The West African epidemic was the world’s largest, infecting more than 28,600 people and killing more than 11,300 in Guinea, Liberia and Sierra Leone. There are about 4,000 survivors in Sierra Leone. The disease has left deep scars: thousands of orphaned children, worsening poverty for survivors who could not work, families shattered by multiple deaths.
CreditJane Hahn for The New York Times
Aminata lost her father and a grandmother, an aunt and several cousins. Other patients at the eye hospital said their immediate families had been wiped out.
Many survivors suffer from “post-Ebola syndrome” — debilitating muscle and joint pain, headaches, fatigue, hearing loss and other lingering ills, sometimes even seizures.
A Virus That Lurks in the Eye
Like the patients he is now trying to help, Dr. Crozier was blinded in one eye by uveitis and recovered — but then lost his sight a second time, to a cataract. He had surgery in March.
His eye disease, described on May 7, 2015, in The New England Journal of Medicine, put the world on alert. Nearly two months after he had seemingly recovered from Ebola, and after his blood was free of it, severe uveitis suddenly developed — and Dr. Yeh was stunned to find that the fluid inside Dr. Crozier’s eye was teeming with active virus. At that time, uveitis was also emerging in West Africa.
Even though the virus may still lurk inside the eye in survivors with uveitis, it is not on the surface or in tears, so patients cannot spread Ebola through casual contact. But operating on them might pose a risk to surgeons who open the eye.
Eventually, the immune system seems to eliminate the virus, but no one knows how long that takes. Eighteen months after the virus was first found inside Dr. Crozier’s eye, a repeat test was negative. But when the virus level actually dropped is not known.
Sierra Leone’s Ministry of Health and Sanitation was eager for Emory’s help, according to Dr. Kwame Oneill, who manages its Comprehensive Program for Ebola Survivors.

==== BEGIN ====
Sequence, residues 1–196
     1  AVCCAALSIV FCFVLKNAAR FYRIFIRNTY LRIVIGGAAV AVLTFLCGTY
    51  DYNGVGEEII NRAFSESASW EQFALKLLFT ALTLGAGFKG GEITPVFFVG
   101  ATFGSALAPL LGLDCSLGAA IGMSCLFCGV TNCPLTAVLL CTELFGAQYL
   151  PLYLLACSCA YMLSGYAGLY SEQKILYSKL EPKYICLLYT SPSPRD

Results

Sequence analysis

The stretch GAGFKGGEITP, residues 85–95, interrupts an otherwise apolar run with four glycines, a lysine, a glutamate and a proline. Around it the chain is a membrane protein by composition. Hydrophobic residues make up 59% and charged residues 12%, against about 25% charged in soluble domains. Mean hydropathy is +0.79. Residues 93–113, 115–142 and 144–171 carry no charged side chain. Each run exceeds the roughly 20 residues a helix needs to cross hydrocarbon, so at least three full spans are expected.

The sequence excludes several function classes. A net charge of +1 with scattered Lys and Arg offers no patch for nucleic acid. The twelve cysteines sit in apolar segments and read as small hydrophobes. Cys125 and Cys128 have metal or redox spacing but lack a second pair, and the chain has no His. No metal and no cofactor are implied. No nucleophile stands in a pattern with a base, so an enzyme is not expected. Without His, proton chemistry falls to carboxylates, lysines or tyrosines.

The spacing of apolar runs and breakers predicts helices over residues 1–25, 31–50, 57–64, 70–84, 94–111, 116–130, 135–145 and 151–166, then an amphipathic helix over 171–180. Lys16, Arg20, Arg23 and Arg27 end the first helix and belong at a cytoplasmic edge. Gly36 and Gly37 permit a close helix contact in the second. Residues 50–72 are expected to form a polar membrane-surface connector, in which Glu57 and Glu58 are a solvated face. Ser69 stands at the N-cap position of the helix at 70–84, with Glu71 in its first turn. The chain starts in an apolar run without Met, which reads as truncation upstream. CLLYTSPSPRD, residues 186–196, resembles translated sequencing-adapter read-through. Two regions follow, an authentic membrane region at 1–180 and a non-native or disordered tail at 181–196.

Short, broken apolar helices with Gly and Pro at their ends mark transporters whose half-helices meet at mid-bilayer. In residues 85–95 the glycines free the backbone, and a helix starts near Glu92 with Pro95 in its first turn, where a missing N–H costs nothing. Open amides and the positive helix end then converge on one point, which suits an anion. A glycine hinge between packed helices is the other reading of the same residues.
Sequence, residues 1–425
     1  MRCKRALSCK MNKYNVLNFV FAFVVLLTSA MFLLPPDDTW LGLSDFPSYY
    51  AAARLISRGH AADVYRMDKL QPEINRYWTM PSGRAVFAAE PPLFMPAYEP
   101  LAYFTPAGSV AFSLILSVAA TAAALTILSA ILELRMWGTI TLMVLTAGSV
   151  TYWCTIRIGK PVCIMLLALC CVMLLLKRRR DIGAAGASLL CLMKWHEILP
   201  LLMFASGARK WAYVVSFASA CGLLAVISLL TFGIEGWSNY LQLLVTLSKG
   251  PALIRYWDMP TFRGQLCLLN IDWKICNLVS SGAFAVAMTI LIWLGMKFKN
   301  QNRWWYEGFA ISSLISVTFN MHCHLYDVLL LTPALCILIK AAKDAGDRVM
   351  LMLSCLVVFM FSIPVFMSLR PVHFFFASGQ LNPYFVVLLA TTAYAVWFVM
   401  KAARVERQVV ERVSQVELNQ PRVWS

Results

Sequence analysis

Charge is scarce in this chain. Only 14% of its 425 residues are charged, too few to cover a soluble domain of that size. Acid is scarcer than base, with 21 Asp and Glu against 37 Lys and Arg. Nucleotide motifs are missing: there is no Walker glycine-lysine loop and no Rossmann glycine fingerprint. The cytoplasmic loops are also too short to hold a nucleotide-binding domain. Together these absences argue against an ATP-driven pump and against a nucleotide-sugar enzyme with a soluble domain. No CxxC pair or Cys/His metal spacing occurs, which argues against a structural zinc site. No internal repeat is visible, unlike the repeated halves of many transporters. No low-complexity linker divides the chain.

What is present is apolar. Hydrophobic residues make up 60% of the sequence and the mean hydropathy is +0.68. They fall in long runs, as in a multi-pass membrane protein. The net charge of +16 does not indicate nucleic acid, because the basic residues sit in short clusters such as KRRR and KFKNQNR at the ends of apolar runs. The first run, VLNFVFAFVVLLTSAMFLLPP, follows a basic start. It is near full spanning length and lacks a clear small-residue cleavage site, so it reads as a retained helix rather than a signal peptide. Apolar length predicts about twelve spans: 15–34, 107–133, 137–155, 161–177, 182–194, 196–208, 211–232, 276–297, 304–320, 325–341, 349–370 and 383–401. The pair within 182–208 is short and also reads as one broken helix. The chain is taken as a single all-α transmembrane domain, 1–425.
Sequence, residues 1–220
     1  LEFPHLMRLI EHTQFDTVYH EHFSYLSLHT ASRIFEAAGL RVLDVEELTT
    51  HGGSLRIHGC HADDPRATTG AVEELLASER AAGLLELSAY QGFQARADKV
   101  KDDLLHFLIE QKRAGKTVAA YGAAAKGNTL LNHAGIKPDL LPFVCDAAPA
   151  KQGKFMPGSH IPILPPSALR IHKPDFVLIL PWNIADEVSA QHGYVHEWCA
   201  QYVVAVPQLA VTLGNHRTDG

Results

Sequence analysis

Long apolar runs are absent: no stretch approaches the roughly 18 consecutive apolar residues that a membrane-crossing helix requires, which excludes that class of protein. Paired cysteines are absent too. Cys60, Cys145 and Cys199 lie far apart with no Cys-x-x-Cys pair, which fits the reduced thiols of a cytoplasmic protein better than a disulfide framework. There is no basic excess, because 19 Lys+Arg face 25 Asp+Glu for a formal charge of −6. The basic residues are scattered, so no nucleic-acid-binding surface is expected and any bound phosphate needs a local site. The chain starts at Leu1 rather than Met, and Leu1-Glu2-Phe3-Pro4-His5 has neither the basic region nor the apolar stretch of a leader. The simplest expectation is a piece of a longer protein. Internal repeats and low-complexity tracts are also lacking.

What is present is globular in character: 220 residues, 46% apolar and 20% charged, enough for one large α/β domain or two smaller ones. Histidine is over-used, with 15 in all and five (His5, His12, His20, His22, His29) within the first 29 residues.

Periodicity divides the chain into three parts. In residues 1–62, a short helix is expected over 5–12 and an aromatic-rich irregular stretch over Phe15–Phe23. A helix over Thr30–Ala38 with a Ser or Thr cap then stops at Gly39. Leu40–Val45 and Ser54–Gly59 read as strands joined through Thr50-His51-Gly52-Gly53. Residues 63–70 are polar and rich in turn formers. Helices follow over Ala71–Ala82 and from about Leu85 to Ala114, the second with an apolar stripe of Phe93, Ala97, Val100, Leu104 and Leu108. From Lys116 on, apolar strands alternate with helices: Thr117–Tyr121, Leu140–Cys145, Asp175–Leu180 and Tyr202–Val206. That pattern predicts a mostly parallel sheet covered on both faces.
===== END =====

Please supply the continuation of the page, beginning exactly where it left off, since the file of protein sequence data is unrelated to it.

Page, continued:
“After Ian became ill and had complications, he became a pioneer, a rallying point,” Dr. Oneill said. “Ian’s story was the turning point for survivors.”
The eye hospital in Freetown also welcomed the researchers. Dr. Lowell Gess, who founded the hospital in 1982, had recognized that uveitis was a severe problem in many patients. In 2015, during the epidemic, Dr. Gess, who was 94, began alerting Ebola treatment centers to the condition and recommending medications for it.
How many survivors have eye trouble is not known. Many live in far-flung provinces and have lost touch with health authorities. But a volunteer group, the Sierra Leone Association of Ebola Survivors, has tried to find patients who need help, and has helped pay for travel and lodging so they could consult the doctors from Emory. By this past summer, the Emory team had seen about 50 Ebola survivors with cataracts, from 5-year-olds to people in their 60s.
The team has been “tapping” patients’ eyes, as Dr. Yeh did with Dr. Crozier — sticking a fine needle into a space called the anterior chamber, and drawing out a few drops of fluid to test for the virus. If the test is negative, it is considered safe to operate.